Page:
Korean giant Samsung intends to invest up to $192 billion over 20 years in two sites in Texas to build at least 11 semiconductor manufacturing plants – “factories”. Investments that would allow the United States to return to the race for domestic production
One hundred and ninety-two billion dollars: This is the 20-year investment plan that Samsung unveiled late last week. Thus, at a rate of almost $10 billion a year over twenty years, Samsung could build up to 11 semiconductor manufacturing plants in Texas. This would make it one of the most important foreign investments in the territory.
Why would a South Korean company that weighs a quarter of its country of origin’s GDP be interested in investing such sums in a foreign country? Why does the United States, which drives certain companies (especially Chinese) out of their country, a priori open its arms to the Asian group without restrictions? What are the rates of such an investment not only for the United States and Samsung, but also for the world of semiconductors? Here are some elements of the analysis.
A project, not a promise (but the plant is already under construction)
Taking advantage of the impending end of a ten-year local tax exemption for companies established in Texas, Samsung has unveiled a project that, in its most optimistic form, could be 11 chip factories (“factories”) worth $192 billion. Which isn’t crazy, since the smallest factory using the latest generation of “extreme ultraviolet” (EUV) engraving machines costs at least $10 billion.
In the documents submitted by Samsung to the American administration, nothing obliges the Korean to build anything at the moment. What backs up Samsung’s offer is that it already has two factories in Texas (including the one that makes the SSD controllers we told you about) and that it’s currently building a third for a whopping $17 billion. . So Samsung already has a foothold and, unlike TSMC, doesn’t need to build a supply chain from scratch. For a decade without taxes, if Samsung is already established in the US and plans to spend such sums, it is for good reason: there are many potential customers.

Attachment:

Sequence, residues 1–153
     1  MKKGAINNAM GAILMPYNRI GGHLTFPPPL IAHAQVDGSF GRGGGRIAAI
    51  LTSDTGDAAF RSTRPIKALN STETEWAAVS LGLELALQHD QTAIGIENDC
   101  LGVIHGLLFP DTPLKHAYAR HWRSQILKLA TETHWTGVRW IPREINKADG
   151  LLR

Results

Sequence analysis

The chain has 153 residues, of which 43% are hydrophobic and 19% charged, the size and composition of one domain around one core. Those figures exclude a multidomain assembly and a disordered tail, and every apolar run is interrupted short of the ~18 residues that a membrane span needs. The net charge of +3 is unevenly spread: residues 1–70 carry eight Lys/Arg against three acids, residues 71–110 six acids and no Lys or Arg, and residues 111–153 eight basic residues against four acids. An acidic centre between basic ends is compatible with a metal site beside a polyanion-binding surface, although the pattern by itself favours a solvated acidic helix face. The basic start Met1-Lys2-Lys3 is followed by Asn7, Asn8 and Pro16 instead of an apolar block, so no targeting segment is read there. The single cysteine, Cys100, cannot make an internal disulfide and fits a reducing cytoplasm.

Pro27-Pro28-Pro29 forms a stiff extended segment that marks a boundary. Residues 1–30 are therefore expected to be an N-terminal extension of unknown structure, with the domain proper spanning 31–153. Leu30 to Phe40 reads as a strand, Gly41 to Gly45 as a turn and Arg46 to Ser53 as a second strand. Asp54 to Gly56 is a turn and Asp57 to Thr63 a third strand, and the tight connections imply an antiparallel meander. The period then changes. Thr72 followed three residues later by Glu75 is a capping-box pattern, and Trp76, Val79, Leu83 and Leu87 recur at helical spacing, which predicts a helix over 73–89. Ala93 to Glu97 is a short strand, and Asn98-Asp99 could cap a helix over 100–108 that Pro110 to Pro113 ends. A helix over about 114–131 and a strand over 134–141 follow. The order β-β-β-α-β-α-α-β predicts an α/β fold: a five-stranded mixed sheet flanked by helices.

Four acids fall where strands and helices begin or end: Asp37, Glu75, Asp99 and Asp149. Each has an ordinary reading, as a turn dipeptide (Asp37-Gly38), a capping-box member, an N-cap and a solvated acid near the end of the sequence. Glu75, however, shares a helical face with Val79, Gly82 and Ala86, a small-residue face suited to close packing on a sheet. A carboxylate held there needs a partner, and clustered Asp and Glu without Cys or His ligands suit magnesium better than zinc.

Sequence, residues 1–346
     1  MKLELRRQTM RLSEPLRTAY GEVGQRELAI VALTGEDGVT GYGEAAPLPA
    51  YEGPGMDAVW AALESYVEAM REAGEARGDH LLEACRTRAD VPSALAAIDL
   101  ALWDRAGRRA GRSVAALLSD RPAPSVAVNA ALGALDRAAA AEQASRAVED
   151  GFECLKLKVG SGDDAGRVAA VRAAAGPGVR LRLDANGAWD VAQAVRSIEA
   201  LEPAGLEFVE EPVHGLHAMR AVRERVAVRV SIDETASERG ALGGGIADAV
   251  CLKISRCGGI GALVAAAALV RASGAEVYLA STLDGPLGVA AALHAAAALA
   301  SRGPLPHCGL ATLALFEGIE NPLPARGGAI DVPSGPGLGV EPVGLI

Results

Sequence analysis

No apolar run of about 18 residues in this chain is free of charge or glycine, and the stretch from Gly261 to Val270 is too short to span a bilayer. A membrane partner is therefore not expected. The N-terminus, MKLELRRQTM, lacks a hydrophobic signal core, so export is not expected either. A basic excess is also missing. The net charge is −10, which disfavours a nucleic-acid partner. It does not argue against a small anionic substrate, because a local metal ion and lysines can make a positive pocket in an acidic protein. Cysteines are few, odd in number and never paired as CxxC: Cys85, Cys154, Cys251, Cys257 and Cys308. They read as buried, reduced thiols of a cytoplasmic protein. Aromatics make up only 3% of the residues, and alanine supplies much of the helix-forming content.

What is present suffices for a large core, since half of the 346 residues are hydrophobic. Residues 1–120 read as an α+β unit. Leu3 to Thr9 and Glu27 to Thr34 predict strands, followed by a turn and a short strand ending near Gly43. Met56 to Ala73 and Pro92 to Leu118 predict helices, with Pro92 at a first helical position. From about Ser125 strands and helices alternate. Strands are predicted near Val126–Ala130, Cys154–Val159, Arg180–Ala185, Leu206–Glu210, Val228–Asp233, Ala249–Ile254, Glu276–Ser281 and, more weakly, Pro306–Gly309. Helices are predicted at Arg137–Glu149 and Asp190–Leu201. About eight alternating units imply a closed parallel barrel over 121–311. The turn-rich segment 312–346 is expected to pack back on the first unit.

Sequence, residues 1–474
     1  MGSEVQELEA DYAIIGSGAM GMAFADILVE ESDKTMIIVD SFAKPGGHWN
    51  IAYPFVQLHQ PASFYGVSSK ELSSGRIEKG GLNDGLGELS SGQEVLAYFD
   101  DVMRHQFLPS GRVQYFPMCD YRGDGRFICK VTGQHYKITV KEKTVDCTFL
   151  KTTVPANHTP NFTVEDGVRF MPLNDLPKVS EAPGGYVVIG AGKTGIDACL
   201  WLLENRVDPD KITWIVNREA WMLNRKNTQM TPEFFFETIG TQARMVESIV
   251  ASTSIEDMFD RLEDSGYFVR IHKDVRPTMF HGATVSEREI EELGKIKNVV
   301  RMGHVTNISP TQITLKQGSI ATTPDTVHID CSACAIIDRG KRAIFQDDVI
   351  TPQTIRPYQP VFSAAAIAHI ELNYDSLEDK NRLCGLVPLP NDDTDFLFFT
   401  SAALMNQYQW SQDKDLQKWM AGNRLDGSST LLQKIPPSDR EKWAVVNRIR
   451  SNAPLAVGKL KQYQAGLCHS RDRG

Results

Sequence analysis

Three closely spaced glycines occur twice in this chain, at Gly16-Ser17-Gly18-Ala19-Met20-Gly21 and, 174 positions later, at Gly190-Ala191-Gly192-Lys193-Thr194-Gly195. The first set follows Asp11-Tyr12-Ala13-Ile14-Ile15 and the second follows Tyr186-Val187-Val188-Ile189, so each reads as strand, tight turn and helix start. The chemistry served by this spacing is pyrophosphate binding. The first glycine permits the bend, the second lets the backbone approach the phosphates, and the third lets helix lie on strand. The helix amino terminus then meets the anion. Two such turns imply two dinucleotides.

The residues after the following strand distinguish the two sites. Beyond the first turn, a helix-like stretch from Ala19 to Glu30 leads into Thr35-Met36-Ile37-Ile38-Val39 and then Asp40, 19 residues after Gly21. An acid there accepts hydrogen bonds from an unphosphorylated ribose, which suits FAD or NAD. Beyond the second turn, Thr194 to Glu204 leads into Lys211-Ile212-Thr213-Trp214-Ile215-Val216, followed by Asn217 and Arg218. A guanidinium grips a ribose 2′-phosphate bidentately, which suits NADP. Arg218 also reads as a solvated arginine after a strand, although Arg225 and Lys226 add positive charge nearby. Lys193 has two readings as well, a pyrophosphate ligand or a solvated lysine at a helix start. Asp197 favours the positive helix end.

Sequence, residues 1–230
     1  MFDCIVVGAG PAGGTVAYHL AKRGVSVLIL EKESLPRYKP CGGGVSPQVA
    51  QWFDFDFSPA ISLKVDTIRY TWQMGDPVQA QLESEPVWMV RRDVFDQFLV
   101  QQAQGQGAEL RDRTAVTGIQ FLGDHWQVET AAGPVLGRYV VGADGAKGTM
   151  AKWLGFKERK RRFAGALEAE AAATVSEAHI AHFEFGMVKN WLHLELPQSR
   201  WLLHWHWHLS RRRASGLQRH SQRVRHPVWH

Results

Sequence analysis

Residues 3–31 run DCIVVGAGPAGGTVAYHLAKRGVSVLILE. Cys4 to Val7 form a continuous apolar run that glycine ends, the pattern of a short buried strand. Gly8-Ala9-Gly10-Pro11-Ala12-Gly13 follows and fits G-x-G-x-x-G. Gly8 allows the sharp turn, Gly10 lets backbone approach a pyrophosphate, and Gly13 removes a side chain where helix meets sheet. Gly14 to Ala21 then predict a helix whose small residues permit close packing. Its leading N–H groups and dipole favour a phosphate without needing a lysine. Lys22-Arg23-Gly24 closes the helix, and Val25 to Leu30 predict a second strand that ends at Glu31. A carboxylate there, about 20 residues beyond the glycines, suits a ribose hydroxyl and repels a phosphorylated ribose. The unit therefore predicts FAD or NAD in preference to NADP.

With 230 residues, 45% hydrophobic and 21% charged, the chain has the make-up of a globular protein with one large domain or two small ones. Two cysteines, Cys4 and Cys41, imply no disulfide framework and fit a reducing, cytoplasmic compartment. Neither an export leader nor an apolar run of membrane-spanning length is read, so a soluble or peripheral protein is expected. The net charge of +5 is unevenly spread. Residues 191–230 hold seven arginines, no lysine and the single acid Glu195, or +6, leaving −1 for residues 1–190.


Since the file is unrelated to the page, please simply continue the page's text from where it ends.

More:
Risks of total dependence on TSMC (and the shadow of China)
Apple, AMD, Texas Instrument, IBM, Qualcomm, Nvidia, Micro, Google, Broadcom, Lattice, Marvell, Cirrus Logic, Ampere… Well, that’s it! The list of US companies developing their own chips and in need of manufacturing capacity is perhaps the largest in the world. And for the production of their chips, all these companies turn to two players: Samsung and TSMC. However, the latter clearly has the advantage at the moment, whether in terms of neutrality (Samsung makes smartphones, Apple tries to avoid its services) and in terms of performance and profitability. But as strong as TSMC is, this actor poses a big risk: putting all your eggs in one basket. Asian companies are also recognizing this dependence on one player: MediaTek has just announced a partnership with Intel’s IFS service to manufacture its chips.
In addition to this risk of concentration of power presented by the TSMC case, its geographic location poses a problem. One element of the success of the world’s number one semiconductor manufacturing company is its well-established supply chain with very close manufacturing sites located in Taiwan. From a geological and climatic point of view, Taiwan suffers from chronic typhoons and earthquakes, and is experiencing increasing drought (water is an essential element for the production of chips). But most of all it suffers from the Chinese shadow. If the country is sovereign, then Xi Jinping’s China nevertheless seeks to “repatriate” the island. With weapons if necessary. An entire section of the military doctrine and teachings of the People’s Liberation Army (the name of the Chinese army) revolves around the task of “healing” the island. And much of his force’s training comes in the form of operations against a “separatist island and powerful ally.” It doesn’t take a visionary to recognize Taiwan and its protector, the United States.